Obligatory guilt-inducing holiday post
On my way to work the other day, I heard a local news story on the radio. I'm working from memory here, so I may have lost some of the details that would add versimilitude and flavor to the post. What can you do? That's how these things work sometimes.
It seems that one of the cable teevee home remodeling shows is doing a house in Tacoma. The family has been sent away on a vacation while the show's hosts and a bunch of volunteers blitz through the house giving it complete makeover. The point of the news tory was the chaos of the first day of work. Seven hundred people showed up to volunteer to work on this house.
Think about that for a moment. Seven hundred people showed up to work unpaid on a stranger's house. Is the world full of frustrated carpenters who sit at home with all of their home improvement projects completed, sighing over House Beautiful magazine, looking lovingly at their cleaned and oiled powertools, and wishing they could work on someone's house? Are they really unable to find anyone who will let them replace their kitchen cabinets? I don't think so.
Most of these people were brought out by the prospect of rubbing shoulders with celebrity teevee hosts and seeing their own faces on the tube. Imagine if seven hundred people showed up clamoring to be put to work on a Habitat for Humanity project or if the various churches, civic, and Masonic groups that remodel homes for the aged and handicapped had so many volunteers that they had to turn them away. Those groups can't guarentee that your face will end up on teevee, but they can guarentee that your work will make a significant improvement in someone's life.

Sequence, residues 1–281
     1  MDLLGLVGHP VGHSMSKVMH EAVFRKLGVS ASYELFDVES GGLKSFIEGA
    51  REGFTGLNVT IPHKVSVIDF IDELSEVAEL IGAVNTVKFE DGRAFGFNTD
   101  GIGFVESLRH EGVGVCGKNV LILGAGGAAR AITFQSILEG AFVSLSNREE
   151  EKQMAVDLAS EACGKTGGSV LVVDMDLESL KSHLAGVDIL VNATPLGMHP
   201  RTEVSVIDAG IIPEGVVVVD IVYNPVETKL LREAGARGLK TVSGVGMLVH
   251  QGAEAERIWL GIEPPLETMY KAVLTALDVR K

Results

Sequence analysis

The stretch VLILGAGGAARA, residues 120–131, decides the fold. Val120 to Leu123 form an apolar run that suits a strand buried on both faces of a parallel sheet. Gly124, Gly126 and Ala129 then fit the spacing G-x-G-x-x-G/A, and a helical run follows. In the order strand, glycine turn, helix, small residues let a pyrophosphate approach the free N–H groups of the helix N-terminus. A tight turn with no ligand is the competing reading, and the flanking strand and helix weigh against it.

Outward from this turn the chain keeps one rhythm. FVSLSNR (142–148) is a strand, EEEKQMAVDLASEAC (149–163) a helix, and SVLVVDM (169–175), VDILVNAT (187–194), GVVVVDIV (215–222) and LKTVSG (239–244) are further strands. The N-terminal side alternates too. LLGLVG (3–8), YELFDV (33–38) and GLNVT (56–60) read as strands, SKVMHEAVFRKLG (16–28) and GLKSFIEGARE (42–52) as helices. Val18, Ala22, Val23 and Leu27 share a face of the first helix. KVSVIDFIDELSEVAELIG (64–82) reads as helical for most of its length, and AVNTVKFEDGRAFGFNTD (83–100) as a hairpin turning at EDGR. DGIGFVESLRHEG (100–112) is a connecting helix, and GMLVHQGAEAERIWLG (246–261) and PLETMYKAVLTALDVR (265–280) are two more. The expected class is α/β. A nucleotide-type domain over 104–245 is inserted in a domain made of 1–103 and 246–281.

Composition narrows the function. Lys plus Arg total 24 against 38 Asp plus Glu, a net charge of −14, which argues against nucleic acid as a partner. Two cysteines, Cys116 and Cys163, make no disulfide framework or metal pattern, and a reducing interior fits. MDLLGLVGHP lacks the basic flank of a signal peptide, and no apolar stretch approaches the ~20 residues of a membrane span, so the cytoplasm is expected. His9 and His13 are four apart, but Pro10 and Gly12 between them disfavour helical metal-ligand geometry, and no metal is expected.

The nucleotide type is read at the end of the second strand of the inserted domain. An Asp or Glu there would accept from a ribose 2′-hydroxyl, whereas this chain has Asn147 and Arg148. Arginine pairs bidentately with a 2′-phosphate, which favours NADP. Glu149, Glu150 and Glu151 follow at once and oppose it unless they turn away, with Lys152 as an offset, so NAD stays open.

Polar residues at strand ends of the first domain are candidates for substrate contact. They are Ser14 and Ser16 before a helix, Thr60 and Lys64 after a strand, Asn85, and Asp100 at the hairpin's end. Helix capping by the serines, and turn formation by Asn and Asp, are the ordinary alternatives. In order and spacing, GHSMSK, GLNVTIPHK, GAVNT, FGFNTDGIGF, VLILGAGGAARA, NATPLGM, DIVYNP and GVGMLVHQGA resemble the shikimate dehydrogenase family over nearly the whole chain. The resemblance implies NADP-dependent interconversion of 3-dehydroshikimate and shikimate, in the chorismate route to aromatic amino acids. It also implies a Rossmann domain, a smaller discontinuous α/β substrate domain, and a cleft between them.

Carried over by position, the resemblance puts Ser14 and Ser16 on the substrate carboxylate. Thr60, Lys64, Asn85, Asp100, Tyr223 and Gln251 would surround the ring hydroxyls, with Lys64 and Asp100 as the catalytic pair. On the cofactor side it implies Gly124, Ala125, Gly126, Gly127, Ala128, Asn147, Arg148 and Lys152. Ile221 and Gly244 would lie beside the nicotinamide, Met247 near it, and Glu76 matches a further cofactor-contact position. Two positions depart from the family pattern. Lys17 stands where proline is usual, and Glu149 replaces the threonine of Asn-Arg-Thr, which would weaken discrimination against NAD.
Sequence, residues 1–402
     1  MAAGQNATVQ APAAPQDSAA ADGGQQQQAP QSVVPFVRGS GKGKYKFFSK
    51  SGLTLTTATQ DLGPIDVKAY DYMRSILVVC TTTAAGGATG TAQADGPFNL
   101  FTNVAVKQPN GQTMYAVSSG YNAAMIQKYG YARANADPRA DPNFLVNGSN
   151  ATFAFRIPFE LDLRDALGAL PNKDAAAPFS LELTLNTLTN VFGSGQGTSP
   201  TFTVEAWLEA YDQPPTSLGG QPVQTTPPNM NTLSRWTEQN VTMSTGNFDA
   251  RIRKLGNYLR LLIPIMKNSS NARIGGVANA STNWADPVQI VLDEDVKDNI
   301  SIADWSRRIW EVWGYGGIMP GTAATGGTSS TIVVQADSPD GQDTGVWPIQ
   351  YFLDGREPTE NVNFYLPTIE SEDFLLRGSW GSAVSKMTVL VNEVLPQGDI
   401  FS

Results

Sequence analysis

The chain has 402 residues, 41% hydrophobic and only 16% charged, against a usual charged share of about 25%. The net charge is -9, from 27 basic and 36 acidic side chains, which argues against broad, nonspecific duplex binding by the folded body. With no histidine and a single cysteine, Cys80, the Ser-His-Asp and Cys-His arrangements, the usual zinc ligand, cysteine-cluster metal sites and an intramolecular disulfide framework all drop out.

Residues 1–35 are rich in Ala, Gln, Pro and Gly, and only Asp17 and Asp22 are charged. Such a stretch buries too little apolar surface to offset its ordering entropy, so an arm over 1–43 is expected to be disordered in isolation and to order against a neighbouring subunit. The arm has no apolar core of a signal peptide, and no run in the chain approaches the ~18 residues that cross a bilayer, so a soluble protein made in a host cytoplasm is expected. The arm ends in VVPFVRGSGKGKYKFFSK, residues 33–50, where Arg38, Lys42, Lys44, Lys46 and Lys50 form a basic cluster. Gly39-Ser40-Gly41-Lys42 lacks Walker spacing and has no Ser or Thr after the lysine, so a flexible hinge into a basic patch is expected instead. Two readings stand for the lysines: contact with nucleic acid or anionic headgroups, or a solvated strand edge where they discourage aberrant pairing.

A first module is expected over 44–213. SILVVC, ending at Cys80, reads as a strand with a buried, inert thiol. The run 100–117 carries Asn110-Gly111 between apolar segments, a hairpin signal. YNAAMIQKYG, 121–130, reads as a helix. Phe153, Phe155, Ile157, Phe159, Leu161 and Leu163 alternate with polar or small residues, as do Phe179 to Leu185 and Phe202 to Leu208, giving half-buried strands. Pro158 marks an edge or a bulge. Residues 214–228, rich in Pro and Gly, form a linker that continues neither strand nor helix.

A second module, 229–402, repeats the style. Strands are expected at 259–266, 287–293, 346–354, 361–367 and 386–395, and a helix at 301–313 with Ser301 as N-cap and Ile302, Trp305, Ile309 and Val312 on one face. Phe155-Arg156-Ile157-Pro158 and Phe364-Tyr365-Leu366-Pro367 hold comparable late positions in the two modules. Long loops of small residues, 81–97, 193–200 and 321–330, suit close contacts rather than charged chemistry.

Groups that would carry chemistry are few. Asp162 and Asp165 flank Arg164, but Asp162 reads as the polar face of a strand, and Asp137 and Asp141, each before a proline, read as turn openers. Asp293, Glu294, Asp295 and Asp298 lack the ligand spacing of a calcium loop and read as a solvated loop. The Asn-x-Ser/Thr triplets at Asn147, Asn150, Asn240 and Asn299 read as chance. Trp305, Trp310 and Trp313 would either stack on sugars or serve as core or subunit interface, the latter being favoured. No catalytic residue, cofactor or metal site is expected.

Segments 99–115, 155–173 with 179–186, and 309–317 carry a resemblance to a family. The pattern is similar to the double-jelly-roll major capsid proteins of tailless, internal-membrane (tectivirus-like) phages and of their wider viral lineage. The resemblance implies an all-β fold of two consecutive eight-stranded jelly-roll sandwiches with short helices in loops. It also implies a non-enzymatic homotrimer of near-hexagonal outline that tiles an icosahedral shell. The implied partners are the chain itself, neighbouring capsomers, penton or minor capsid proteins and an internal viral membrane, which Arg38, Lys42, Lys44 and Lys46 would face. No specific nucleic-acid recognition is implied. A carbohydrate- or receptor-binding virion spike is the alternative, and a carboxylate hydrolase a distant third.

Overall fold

Wouldn't it be nice if people fought as hard for the opportunity to make the world a better place as they do for the opportunity to be seen? I'm done being self-righteous; I'm going to go back to insulting the rich and over-privileged now.